High hopes for a high-toned voice

Years ago, when countertenors were so rare that people thought nothing of asking them: “Why do you sound like a girl?” the breed was insecure and not always able to explain its extra-high, feminine sound.

Now, when the sexiest man in opera, David Daniels, is a countertenor, even a grass-roots organization such as the San Francisco Opera’s Adler Fellowship program boasts a countertenor star in the making — not only high-voiced and technically masterful, but a brilliant actor as well.

Gerald Thompson has played only three roles on the War Memorial stage since he became an Adler Fellow: Prince Go-Go in the sour modern satire “Le Grand Macabre,” Unulfo, the brilliant comic foil in Handel’s “Rodelinda” and this season’s androgynous Prince Orlofsky in “Die Fledermaus.” In each, he was cited as much for his acting as for his singing.

Born in Pochahontas, Ark., 30 years ago, Thompson started his career as a teacher and performer of musical theater after graduation from a small Arkansas college.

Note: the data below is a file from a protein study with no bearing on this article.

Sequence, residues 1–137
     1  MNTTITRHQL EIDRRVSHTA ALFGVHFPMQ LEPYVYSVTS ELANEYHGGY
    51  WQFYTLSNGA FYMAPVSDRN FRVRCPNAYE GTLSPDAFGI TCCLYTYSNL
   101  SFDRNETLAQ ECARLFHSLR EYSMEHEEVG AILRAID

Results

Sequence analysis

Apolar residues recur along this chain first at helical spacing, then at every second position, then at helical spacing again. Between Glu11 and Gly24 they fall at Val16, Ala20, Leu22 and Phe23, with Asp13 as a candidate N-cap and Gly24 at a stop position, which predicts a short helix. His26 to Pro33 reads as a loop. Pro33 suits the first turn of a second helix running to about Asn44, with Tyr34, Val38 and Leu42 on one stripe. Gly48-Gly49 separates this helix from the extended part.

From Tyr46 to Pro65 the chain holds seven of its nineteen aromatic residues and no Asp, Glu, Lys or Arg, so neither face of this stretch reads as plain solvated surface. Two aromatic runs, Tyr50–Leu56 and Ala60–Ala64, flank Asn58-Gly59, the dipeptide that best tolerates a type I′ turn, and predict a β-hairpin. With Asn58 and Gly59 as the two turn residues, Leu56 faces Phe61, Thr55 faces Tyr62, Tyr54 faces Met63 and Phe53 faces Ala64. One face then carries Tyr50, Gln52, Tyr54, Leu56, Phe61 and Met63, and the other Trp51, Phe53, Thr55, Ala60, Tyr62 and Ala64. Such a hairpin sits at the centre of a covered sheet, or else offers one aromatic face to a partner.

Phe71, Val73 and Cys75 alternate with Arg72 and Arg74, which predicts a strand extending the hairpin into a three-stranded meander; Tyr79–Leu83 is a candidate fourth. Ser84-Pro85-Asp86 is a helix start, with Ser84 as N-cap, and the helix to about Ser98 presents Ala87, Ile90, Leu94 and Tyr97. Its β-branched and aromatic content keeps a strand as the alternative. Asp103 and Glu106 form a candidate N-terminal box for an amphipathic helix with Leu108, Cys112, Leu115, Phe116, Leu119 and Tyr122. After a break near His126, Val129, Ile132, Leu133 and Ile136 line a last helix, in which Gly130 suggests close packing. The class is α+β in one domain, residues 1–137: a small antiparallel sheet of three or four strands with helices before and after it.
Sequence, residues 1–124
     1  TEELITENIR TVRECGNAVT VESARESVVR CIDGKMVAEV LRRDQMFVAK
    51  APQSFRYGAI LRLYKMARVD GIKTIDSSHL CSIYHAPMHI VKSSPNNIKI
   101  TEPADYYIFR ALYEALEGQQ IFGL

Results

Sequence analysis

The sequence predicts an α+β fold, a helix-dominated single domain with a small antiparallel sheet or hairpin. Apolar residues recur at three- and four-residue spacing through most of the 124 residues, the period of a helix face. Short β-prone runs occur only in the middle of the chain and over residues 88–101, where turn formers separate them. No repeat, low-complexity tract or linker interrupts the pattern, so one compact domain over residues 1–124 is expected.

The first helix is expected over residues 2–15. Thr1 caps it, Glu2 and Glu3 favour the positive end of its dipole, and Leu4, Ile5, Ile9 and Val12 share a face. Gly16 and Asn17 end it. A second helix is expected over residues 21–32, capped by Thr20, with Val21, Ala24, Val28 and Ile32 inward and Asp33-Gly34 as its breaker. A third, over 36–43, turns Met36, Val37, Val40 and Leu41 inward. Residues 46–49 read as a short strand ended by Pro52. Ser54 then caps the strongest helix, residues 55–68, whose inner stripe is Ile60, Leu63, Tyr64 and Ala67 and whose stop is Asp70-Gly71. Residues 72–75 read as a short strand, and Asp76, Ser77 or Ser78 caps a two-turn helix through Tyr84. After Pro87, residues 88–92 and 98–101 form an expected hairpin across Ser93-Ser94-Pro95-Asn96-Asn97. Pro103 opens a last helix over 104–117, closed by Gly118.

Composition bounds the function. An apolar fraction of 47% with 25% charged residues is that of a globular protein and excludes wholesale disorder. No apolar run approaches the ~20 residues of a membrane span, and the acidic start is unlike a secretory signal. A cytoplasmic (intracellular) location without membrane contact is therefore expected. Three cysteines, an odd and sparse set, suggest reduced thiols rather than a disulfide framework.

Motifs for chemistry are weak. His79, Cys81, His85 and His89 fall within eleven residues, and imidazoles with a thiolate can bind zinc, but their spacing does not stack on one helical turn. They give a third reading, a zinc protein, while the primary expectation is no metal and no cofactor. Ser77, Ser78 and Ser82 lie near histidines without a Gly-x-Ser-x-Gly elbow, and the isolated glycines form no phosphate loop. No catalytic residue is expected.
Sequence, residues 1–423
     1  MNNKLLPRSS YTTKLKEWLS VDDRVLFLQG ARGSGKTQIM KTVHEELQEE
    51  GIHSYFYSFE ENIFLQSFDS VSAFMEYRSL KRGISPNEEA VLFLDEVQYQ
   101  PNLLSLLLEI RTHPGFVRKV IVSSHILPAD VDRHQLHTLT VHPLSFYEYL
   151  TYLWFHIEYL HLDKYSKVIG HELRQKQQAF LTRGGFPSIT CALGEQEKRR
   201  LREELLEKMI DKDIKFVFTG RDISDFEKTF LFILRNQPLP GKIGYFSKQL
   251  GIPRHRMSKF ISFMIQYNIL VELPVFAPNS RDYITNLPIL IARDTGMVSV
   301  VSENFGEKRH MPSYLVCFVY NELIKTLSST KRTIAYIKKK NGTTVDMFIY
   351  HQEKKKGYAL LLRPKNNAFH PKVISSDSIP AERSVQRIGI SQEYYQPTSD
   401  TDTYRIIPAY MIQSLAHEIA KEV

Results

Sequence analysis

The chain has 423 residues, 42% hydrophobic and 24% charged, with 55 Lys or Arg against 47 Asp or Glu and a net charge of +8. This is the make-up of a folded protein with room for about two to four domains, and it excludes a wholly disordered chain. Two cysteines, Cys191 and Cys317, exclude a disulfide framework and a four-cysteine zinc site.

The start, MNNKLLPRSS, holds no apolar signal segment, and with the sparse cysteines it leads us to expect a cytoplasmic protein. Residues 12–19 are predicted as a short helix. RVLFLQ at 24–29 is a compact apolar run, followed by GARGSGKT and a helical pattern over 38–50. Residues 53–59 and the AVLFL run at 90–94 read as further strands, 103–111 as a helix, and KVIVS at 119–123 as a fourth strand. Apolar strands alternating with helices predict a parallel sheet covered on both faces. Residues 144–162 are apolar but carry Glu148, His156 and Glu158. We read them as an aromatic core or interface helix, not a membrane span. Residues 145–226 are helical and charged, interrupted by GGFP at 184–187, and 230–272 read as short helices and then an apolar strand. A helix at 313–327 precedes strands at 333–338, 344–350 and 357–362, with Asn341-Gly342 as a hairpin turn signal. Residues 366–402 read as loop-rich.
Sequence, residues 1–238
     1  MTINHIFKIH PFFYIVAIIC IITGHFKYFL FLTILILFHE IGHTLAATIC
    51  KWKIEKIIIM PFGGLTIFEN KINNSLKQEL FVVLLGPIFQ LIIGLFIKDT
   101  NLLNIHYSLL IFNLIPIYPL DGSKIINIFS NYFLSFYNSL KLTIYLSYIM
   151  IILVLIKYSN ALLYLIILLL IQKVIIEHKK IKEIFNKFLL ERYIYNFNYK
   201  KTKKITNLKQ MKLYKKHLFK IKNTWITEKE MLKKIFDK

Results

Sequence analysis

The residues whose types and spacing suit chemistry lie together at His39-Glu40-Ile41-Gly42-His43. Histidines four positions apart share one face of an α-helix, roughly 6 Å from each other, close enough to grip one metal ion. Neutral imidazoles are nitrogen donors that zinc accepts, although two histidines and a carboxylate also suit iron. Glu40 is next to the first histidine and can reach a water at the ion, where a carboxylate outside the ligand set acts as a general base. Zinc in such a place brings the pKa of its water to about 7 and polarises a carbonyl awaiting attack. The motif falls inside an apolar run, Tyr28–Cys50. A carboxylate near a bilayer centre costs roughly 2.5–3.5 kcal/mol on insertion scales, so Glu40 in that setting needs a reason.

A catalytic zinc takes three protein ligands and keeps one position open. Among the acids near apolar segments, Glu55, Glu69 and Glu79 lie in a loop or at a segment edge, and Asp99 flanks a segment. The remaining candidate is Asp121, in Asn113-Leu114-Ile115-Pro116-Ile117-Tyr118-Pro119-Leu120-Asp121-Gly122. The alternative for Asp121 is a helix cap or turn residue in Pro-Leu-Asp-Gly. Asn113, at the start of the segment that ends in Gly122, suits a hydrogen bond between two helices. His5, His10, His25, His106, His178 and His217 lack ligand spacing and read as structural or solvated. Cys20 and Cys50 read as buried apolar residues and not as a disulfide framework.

Like many young singers from the opera-starved Midwest and South, Thompson’s first role, as Hansel in “Hansel and Gretel,” was in the first opera he ever “saw.”

At that point he also discovered a new voice teacher who “kept having me go up and up until we realized I was really a countertenor.”

He was struggling to make a career in New York when SFO offered to enroll him in the Merola and Adler Fellowships training programs. From here, he makes debuts next spring at the Metropolitan and New York City operas.

The prestigious fellowships, named after former SFO director Kurt Herbert Adler, require the fellows to live in San Francisco, study their craft at the Opera Center and appear in small roles on the main stage. They also give concerts such as Tuesday night’s: “The Future is Now: Adler Fellows Gala Concert.”

Thompson’s most spectacular part at SFO was Unulfo, friend to beleagured leading man Bertriardo, in “Rodelinda.” Daniels sang

this difficult part.

“I learned so much from David, just watching him onstage,” Thompson said. “He’s such a complete artist.”

Thompson has since gone on to sing Bertriardo as well, finding it fascinating to play both comic and heroic parts in the same opera.

Thompson said he believes the best way to deal with a countertenor is to treat it like any other operatic voice.

“There are no tricks involved,” he said. “You need to stay healthy and flexible. I felt much more precarious as a tenor than I do in this

repertory.”

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